>>>>
>>>> The main motivation for this change is that the userspace users of cgroupfs
>>>> (which is built on kernfs) expect the usual security context inheritance
>>>> to work under SELinux (see [1] and [2]). This functionality is required for
>>>> better confinement of containers under SELinux.
>>>>
>>>> The first patch adds the new LSM hook; the second patch implements the hook
>>>> in SELinux; and the third patch modifies kernfs to use the new hook to
>>>> initialize the security context of kernfs nodes whenever its parent node
>>>> has a non-default context set.
>>>>
>>>> Note: the patches are based on current selinux/next [3], but they seem to
>>>> apply cleanly on top of v5.0-rc1 as well.
>>>>
>>>> Testing:
>>>> - passed SELinux testsuite on Fedora 29 (x86_64) when applied on top of
>>>>     current Rawhide kernel (5.0.0-0.rc1.git0.1) [4]
>>>> - passed the reproducer from the last patch
>>>>
>>>> [1] https://github.com/SELinuxProject/selinux-kernel/issues/39
>>>> [2] https://bugzilla.redhat.com/show_bug.cgi?id=1553803
>>>> [3] https://git.kernel.org/pub/scm/linux/kernel/git/pcmoore/selinux.git/log/?h=selinux-pr-20181224
>>>> [4] https://copr.fedorainfracloud.org/coprs/omos/kernel-testing/build/842855/
>>>>
>>>> Ondrej Mosnacek (3):
>>>>     LSM: Add new hook for generic node initialization
>>>>     selinux: Implement the object_init_security hook
>>>>     kernfs: Initialize security of newly created nodes
>>>>
>>>>    fs/kernfs/dir.c             | 49 ++++++++++++++++++++++++++++++++++---
>>>>    fs/kernfs/inode.c           |  9 +++----
>>>>    fs/kernfs/kernfs-internal.h |  4 +++
>>>>    include/linux/lsm_hooks.h   | 30 +++++++++++++++++++++++
>>>>    include/linux/security.h    | 14 +++++++++++
>>>>    security/security.c         | 10 ++++++++
>>>>    security/selinux/hooks.c    | 41 +++++++++++++++++++++++++++++++
>>>>    7 files changed, 149 insertions(+), 8 deletions(-)
>>>>
>>>
>>
>>
> 


^ permalink raw reply	[flat|nested] 22+ messages in thread

* Re: [PATCH v2 0/3] Allow initializing the kernfs node's secctx based on its parent
  2019-01-10 14:15       ` Stephen Smalley
@ 2019-01-10 17:54         ` Casey Schaufler
  2019-01-10 19:37           ` Stephen Smalley
  2019-01-14  9:01           ` Ondrej Mosnacek
  0 siblings, 2 replies; 22+ messages in thread
From: Casey Schaufler @ 2019-01-10 17:54 UTC (permalink / raw)
  To: selinux
  Cc: linux-security-module, Tejun Heo, linux-fsdevel, cgroups,
	Casey Schaufler


Resending after email configuration repair.

On 1/10/2019 6:15 AM, Stephen Smalley wrote:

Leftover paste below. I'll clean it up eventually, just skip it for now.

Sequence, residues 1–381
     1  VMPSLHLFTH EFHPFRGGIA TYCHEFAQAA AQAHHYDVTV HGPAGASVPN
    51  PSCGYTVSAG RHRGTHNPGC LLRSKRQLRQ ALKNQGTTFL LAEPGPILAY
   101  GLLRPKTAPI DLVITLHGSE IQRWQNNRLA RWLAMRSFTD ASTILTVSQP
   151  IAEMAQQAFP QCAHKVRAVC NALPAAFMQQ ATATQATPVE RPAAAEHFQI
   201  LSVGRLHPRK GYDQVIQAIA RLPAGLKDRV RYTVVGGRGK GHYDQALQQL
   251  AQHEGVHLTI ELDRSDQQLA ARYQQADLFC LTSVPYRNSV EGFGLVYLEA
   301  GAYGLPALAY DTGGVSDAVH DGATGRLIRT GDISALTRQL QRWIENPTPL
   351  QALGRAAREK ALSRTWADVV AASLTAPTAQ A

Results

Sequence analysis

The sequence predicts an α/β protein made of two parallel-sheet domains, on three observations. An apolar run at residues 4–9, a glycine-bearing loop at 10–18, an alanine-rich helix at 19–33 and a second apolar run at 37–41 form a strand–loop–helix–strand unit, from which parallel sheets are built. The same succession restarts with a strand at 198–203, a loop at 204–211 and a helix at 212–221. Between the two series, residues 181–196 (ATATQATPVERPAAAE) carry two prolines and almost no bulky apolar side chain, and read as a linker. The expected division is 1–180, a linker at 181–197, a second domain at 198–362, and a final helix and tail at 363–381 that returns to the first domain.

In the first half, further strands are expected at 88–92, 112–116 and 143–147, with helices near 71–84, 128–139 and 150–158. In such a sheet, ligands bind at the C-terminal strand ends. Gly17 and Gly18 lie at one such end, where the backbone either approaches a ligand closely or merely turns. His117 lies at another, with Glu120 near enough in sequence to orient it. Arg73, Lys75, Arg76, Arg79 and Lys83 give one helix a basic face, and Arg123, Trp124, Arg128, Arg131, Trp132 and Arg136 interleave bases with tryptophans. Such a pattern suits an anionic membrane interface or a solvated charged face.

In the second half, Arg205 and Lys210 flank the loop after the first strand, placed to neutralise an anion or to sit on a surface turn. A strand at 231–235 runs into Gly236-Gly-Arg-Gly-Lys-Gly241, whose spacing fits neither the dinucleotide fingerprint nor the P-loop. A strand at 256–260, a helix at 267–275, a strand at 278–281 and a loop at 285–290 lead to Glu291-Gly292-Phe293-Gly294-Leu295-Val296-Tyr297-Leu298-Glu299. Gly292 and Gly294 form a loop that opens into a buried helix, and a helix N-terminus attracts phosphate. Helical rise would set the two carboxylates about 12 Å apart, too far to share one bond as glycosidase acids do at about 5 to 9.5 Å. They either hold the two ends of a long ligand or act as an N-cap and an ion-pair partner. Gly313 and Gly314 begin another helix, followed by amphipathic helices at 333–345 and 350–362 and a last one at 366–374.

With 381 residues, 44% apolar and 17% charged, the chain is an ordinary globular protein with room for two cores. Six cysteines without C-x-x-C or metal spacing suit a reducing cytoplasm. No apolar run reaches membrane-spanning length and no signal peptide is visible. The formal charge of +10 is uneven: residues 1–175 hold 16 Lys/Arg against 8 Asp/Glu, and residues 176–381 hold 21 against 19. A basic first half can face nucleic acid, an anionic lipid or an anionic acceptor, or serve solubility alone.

> On 1/9/19 5:03 PM, Casey Schaufler wrote:
>> On 1/9/2019 12:37 PM, Stephen Smalley wrote:
>>> On 1/9/19 12:19 PM, Casey Schaufler wrote:
>>>> On 1/9/2019 8:28 AM, Ondrej Mosnacek wrote:
>>>>> Changes in v2:
>>>>> - add docstring for the new hook in union security_list_options
>>>>> - initialize *ctx to NULL and *ctxlen to 0 in case the hook is not
>>>>>     implemented
>>>>> v1: https://lore.kernel.org/selinux/20190109091028.24485-1-omosnace@redhat.com/T/
>>>>>
>>>>> This series adds a new security hook that allows to initialize the security
>>>>> context of kernfs properly, taking into account the parent context. Kernfs
>>>>> nodes require special handling here, since they are not bound to specific
>>>>> inodes/superblocks, but instead represent the backing tree structure that
>>>>> is used to build the VFS tree when the kernfs tree is mounted.
>>>>>
>>>>> The kernfs nodes initially do not store any security context and rely on
>>>>> the LSM to assign some default context to inodes created over them.
>>>>
>>>> This seems like a bug in kernfs. Why doesn't kernfs adhere to the usual
>>>> and expected filesystem behavior?
>>>
>>> sysfs / kernfs didn't support xattrs at all when we first added support for setting security contexts to it, so originally all sysfs / kernfs inodes had a single security context, and we only required separate storage for the inodes that were explicitly labeled by userspace.
>>>
>>> Later kernfs grew support for trusted.* xattrs using simple_xattrs but the existing security.* support was left mostly unchanged.
>>
>> OK, so as I said, this seems like a bug in kernfs.
>>
>>>
>>>>
>>>>> Kernfs
>>>>> inodes, however, allow setting an explicit context via the *setxattr(2)
>>>>> syscalls, in which case the context is stored inside the kernfs node's
>>>>> metadata.
>>>>>
>>>>> SELinux (and possibly other LSMs) initialize the context of newly created
>>>>> FS objects based on the parent object's context (usually the child inherits
>>>>> the parent's context, unless the policy dictates otherwise).
>>>>
>>>> An LSM might use information about the parent other than the "context".
>>>> Smack, for example, uses an attribute SMACK64TRANSMUTE from the parent
>>>> to determine whether the Smack label of the new object should be taken
>>>> from the parent or the process. Passing the "context" of the parent is
>>>> insufficient for Smack.
>>>
>>> IIUC, this would involve switching the handling of security.* xattrs in kernfs over to use simple_xattrs too (so that we can store multiple such attributes), and then pass the entire simple_xattrs list or at least anything with a security.* prefix when initializing a new node or refreshing an existing inode.  Then the security module could extract any security.* attributes of interest for use in determining the label of new inodes and in refreshing the label of an inode.